• Similarly, 34% say Haniyeh’s government is the legitimate Palestinian government and only 29% say Fayyad’s government is the legitimate one. 9% say both governments are legitimate and 24% say both are illegitimate. Last December, belief that Fayyad’s government was legitimate stood at 38% and belief that Haniyeh’s government was legitimate stood at 30%.
  • Despite the fact that the majority continues to reject Hamas’s June 2007 violent takeover of the Gaza Strip, only a small minority believes that Hamas alone is responsible for the continued political split between the West Bank and the Gaza Strip.
  • Perception of personal and family security and safety diminishes considerably in the West Bank declining from 44% last December to 32% in this poll.

Findings show continued decrease in the level of satisfaction with the performance of Abbas and a greater positive evaluation for the performance of Haniyeh’s government over the performance of Fayyad’s government. Satisfaction with the performance of Abbas stands today at 41% and dissatisfaction at 56%. Satisfaction with Abbas’s performance stood at 50% last December and 46% during the breaching of the Rafah border with Egypt. Moreover, only 30% say that the performance of the Fayyad government is good or very good and 42% say it is bad or very bad. By contrast, 39% say the performance of the Haniyeh’s government is good or very good and only 34% say it is bad or very bad.
Similarly, findings show depreciation in the legitimacy of Fayyad’s government and a significant rise in public perception of the legitimacy of Haniyeh’s government. 49% say Haniyeh should stay in office as prime minister while 45% say he should not. Last September only 40% said Haniyeh should stay as prime minister. By contrast, today only 38% say Fayyad’s government should stay in office and 55% say it should not. Support for Fayyad’s government stood at 49% last September. Similarly, 34% say Haniyeh’s government is the legitimate Palestinian government and only 29% say Fayyad’s government is the legitimate one. 9% say both governments are legitimate and 24% say both are illegitimate. It is noticeable that Haniyeh’s government receives greater public legitimacy both in the West Bank (32% to Haniyeh’s compared to 26% to Fayyad’s) and the Gaza Strip (37% to Haniyeh’s compared to 34% to Fayyad’s). It is also worth mentioning that this is the first time that Haniyeh’s government has received greater public legitimacy than Fayyad’s. Last December, belief that Fayyad’s government was legitimate stood at 38% and belief that Haniyeh’s government was legitimate stood at 30%.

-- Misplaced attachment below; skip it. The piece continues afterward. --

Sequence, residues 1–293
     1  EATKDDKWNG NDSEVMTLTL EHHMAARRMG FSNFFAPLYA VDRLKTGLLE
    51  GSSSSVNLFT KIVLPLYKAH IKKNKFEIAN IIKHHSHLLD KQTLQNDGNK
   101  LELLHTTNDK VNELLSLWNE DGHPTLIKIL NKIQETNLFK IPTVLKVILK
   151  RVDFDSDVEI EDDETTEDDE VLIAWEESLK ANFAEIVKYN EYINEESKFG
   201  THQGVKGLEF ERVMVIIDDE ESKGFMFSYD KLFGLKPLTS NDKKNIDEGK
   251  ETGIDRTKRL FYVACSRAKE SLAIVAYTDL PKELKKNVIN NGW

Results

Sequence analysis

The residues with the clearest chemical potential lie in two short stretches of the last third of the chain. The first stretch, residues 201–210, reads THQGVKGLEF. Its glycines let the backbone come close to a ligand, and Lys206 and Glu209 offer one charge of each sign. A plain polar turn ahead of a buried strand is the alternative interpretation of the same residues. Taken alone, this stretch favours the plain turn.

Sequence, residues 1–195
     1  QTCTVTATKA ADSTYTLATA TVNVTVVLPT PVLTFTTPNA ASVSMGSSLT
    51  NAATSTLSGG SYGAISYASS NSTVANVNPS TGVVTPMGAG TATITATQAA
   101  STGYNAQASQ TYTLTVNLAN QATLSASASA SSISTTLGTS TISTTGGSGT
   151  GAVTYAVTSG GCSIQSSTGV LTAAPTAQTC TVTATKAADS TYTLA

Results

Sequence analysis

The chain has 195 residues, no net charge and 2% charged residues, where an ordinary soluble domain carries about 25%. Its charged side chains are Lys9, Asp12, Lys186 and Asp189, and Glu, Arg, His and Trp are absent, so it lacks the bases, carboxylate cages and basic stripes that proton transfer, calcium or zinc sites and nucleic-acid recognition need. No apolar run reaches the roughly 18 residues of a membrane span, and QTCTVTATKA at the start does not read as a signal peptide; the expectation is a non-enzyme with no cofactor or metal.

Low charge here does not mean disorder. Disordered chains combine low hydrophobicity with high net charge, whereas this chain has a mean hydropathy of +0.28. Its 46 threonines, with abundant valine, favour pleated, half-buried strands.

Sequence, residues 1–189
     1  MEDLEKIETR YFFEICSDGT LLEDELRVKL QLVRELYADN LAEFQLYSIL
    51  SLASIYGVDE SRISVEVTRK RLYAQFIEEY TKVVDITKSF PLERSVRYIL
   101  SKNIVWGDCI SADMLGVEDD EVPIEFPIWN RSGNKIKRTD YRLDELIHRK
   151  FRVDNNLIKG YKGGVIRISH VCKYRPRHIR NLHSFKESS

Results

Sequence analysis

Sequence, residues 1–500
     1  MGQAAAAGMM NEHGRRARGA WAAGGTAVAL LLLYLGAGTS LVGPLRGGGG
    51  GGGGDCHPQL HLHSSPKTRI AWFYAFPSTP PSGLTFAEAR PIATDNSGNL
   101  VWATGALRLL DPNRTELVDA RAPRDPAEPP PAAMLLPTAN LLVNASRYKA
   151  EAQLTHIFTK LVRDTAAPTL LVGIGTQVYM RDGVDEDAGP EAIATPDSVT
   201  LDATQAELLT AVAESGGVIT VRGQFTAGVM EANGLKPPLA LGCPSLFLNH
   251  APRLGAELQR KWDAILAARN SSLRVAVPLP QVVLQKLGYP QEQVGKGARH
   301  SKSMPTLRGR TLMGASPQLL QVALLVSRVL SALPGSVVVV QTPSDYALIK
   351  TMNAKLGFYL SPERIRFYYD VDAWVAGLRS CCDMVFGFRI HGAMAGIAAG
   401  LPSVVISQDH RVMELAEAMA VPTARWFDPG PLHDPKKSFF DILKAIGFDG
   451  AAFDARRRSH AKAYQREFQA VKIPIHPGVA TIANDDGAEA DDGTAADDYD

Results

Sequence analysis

Despite the fact that the majority continues to reject Hamas’s June 2007 violent takeover of the Gaza Strip, only a small minority believes that Hamas alone is responsible for the continued political split between the West Bank and the Gaza Strip. Rejection of Hamas’s violent takeover stands today at 68% and acceptance of the takeover at 26%. Rejection of the takeover stood at 73% last September. Acceptance of Hamas’s takeover increases in the Gaza Strip reaching 33% compared to 23% in the West Bank. However, only 17% believe that Hamas alone is responsible for the continued split between the West Bank and the Gaza Strip and in fact 21% say Fateh alone is responsible for the continued split. A majority of 54% believes that both Hamas and Fateh are responsible for the continued split. The tendency to avoid blaming Hamas alone for the continuation of the split reflects a change in public perception regarding the positions of the two factions regarding return to dialogue as an exit from the current crisis. Support for Fateh’s and Abbas’s position, which demands a return to the status quo ante as a precondition to dialogue drops from 46% last September to 39% in this poll. Support for Hamas’s position, which calls for unconditional dialogue, increases from 27% to 37% during the same period. Peace Process:

  • 66% support and 32% oppose the Saudi initiative which calls for Arab recognition of and normalization of relations with Israel after it ends its occupation to Palestinian territories occupied in 1967 and after the establishment of a Palestinian state.
  • 55% support and 44% oppose mutual recognition of Israel as the state for the Jewish people and Palestine as the state for the Palestinian people as part of a permanent status agreement.
  • But 80% believe that the negotiations launched by the Annapolis conference will fail while 14% believe it will succeed.